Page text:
Gov. Nikki Haley Warns Trump Is Inciting “Dangerous” Hate

<a href="https://www.flickr.com/photos/tvnewsbadge/10319740594/in/photolist-gHVnkY-gHWeFg-nphy8F-nnwiVG-npBf9u-nphzzE-npyWMF-gHVfL5-nphwkH-npBgXj-gHVofz-npyWer-nnwnPo-nrkwV4-npyZE4-npBetb-nrkxbV-npBigm-nphvWB-nphwCX-nrkAyg-npyW2x-eEF7n7-cTqd5m-nnwn21-npyZxv-npBhCN-nphAto-npyZue-nphzhV-nrkzEn-nnwjm1-nnwo89-npyYWk-npz1d8-npz1aT-nrkwJn-npyYPM-npyZGi-nphBcY-nrkAor-gHWfjF-gHVybh-gHVz51-gHVknj-gHVjYV-gHVe9Y-cTpY7q-g8Tbmx-g8Td7g">tvnewsbadge</a>/Flickr

Let our journalists help you make sense of the noise: Subscribe to the Mother Jones Daily newsletter and get a recap of news that matters.


South Carolina Gov. Nikki Haley on Saturday told Republicans in Florida that Donald Trump is promoting the kind of “hate” that can lead to violence, and reminded them of the shooting of black churchgoers in Charleston last year.

Haley was speaking at a county GOP dinner in The Villages, the world’s largest retirement community, on behalf of Sen. Marco Rubio. Like Rubio, who tore into Trump (and his protesters) at an earlier event in Tampa, Haley wanted voters to think hard about the footage of Trump rallies they’d seen on TV.

“I just want to be honest about the leader we have now,” she told the almost exclusively senior-citizen crowd. “After seeing what happened in Chicago, after seeing what happened in North Carolina, after seeing what happened in Ohio, we are are seeing a division that is not us. That is not who we are as Republicans. And we are seeing a division that is dangerous. We are seeing a division that’s got hate to it. And I want to tell you what that division can mean.”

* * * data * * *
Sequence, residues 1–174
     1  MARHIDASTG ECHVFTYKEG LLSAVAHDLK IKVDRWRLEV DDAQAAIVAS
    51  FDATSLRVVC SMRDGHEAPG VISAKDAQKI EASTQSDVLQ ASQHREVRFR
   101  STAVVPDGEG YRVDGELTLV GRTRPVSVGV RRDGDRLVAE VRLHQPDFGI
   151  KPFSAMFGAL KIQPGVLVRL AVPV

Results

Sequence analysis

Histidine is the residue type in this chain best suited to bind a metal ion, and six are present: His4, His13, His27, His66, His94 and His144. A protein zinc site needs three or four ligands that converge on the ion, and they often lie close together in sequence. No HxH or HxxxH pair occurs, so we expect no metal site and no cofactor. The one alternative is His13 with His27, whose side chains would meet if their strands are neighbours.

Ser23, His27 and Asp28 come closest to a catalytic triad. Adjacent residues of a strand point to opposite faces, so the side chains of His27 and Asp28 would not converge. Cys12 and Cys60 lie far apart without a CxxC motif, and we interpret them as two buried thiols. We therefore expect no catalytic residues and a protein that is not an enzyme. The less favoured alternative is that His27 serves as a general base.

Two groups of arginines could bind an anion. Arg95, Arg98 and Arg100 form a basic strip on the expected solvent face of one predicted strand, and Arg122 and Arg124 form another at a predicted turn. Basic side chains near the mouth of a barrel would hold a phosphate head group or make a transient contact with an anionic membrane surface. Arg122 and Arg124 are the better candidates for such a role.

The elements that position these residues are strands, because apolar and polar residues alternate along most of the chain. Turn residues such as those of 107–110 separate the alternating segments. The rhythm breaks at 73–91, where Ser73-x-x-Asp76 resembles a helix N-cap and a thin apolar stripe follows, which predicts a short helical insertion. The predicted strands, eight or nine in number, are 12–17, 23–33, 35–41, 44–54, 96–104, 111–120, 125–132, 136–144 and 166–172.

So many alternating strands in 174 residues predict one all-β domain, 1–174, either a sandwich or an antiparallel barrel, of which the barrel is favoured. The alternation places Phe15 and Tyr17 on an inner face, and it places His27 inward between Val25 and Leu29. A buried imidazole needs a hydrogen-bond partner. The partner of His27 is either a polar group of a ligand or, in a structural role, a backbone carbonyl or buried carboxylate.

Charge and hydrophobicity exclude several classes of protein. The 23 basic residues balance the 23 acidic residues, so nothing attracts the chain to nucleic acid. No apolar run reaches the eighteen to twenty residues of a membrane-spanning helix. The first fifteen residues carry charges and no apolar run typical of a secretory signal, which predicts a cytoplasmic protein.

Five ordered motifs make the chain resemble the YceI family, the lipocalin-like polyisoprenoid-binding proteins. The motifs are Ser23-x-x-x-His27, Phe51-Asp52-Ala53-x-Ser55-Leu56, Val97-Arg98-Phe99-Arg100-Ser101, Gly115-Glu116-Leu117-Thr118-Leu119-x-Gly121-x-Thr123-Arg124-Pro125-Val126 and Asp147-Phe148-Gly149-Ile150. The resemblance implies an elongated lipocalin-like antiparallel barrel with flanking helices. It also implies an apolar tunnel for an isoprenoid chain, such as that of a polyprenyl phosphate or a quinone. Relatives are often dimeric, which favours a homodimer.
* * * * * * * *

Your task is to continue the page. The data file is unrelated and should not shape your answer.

She reminded the audience of Walter Scott, an African American man who was shot and killed by a police officer last April in North Charleston. “Everyone wanted to come in and riot, [but] the Scott family gave us the opportunity to right a wrong,” Haley explained. “And we stood with the Walter Scott family a month to the day and signed the first body camera bill in the country. The Republicans of South Carolina did. And that was showing—we didn’t protest; we solved the problem, and we got it right and we did it together.”

Then Haley brought up the mass shooting a few months later at Emmanuel AME Church in Charleston, mentioning three of the victims—Ethel Lance, Tywanza Sanders, and Cynthia Hurd—by name. There, too, Haley said, the families of the victims encouraged unity, not division.

“The reason why I’m telling you that story,” she said, “is we have someone running for president who instead of bringing [people] back together like we did in South Carolina, he’s telling his supporters to punch a guy in the face! He’s telling them if they don’t do the right thing to carry him out on a stretcher. He’s telling them to say, do it again. He’s not denouncing the KKK when this is exactly the same group that protested on my statehouse grounds. We can’t have Donald Trump as president! We can’t.”

Haley’s remarks to that point were one of the toughest condemnations of Trump from a fellow Republican this campaign. But as with Rubio, who couldn’t bring himself to say he wouldn’t support Trump as the nominee, Haley hedged just enough to undermine the whole thing. “It’s not that I think there’s anything wrong with Mr. Trump,” she said, acknowledging the large number of Trump supporters in the room. “He’s a supporter. He supported me in my race. It’s just lack of judgment.”